The three-year programs offer clinical, laboratory and classroom learning. The areas of study that are usually covered include anatomy, physiology, radiography, pathology, nutrition and medical ethics. You also learn head and neck anatomy, periodontics (the study of gum disease) and patient management.

If you think you are going to be interested in this field and career, it is advised to take biology, chemistry and math courses in high school. To enter a dental hygiene program it is usually required to have completed at least one year of college, but requirements do vary by school.

Important Qualities

Critical thinking skills are essential for assessing and evaluating patients and the cases they present.

Visits to dentists are not everyone’s favorite, so compassion is recommended to help those who are scared or have pain. It is necessary to be sensitive to their emotions to make their experience as pleasant as possible.

There is a need to follow specific rules and protocol to efficiently help dentists, so being detailed oriented is an important skill. Depending on the state you are in, you will work directly under a dentist’s supervision.

Dexterity is an essential quality to possess as you will be working with your hands. You have to work within the tight quarters of the mouth. With small body parts and small instruments, precision and fine motor skills are a definite need.

Dental hygienists work in close collaboration with professional staff and patients, so interpersonal skills are required.

Licenses, Certifications and Registrations

Every state requires that a hygienist be licensed, and most require a degree from an accredited institution. Passing grades on both written and clinical exams are needed to get a license and to maintain the current licensing you must complete any continuing education requirements. These can be obtained from your local or state health board. It may also be necessary for you to complete CPR (cardiopulmonary resuscitation) certification.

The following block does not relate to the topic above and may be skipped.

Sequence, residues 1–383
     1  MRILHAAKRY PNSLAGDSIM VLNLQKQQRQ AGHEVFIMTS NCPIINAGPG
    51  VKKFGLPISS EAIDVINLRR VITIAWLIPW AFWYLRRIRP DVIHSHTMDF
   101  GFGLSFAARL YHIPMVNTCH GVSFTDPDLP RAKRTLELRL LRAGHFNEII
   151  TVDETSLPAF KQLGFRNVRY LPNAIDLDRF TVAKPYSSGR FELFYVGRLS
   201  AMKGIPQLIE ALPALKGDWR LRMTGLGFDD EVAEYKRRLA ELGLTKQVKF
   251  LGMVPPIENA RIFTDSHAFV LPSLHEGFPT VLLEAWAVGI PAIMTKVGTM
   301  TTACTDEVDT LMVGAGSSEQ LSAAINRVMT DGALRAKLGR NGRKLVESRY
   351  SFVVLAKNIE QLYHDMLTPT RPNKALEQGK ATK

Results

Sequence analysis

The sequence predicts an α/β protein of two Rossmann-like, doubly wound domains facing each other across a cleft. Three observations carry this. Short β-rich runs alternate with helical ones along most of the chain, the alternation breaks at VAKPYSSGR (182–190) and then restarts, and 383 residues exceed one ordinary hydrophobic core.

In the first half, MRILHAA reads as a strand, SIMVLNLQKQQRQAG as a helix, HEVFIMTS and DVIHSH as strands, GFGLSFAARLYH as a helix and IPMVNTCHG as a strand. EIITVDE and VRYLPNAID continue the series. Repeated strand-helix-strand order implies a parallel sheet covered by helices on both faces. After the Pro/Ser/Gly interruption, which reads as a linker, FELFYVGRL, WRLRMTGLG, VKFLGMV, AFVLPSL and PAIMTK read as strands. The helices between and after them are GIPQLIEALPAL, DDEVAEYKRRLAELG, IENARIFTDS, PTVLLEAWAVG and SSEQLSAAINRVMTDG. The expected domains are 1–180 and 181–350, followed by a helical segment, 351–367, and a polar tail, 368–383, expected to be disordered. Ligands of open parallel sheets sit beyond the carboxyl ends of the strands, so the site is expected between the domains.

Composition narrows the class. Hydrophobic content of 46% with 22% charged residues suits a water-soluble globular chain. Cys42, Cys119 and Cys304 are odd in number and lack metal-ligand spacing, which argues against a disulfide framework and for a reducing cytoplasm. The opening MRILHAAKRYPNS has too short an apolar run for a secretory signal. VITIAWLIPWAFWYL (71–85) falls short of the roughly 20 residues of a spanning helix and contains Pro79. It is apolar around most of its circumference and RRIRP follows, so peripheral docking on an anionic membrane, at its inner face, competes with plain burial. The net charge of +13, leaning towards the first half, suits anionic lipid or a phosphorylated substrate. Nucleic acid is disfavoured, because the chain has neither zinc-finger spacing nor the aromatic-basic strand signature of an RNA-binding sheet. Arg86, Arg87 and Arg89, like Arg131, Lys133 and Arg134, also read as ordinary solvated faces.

The median annual wage for a hygienist is approximately $72,330, and this changes each year. Half of the workers earning less than this amount and half earning more. The lowest 10% in the field earned approximately $50,140 while the top 10% brought in more than $98,440.

Some will get benefits like vacation, sick time and retirement fund contributions, but these do vary by employer and may only be offered to full-time employees.

Job Outlook

Over the next ten years, the demand for dental hygienists is expected to grow 19% which is faster than the average growth rate for other occupations. This growth is expected in response to current research that links oral health to general health, thus providing a need for more preventative dental services.

Demand is also expected to grow as a result of the aging population and need for cosmetic dentistry. Health insurance is expanding to cover these treatments, meaning more people will seek them out. Procedures like whitening are also more popular. This trend is not expected to slow down especially with newer technologies that make it faster and less invasive.

Life expectancy is longer today, so a large number of elderly populations need to maintain their treatments driving further demand for dental care.

Health insurance coverage, in general, has expanded and more people have access. Federal health insurance reforms promise to keep this momentum going, so more people now have dental insurance when they did not previously. More people are now seeking dentists and dental care, so the field is going which means job openings will too.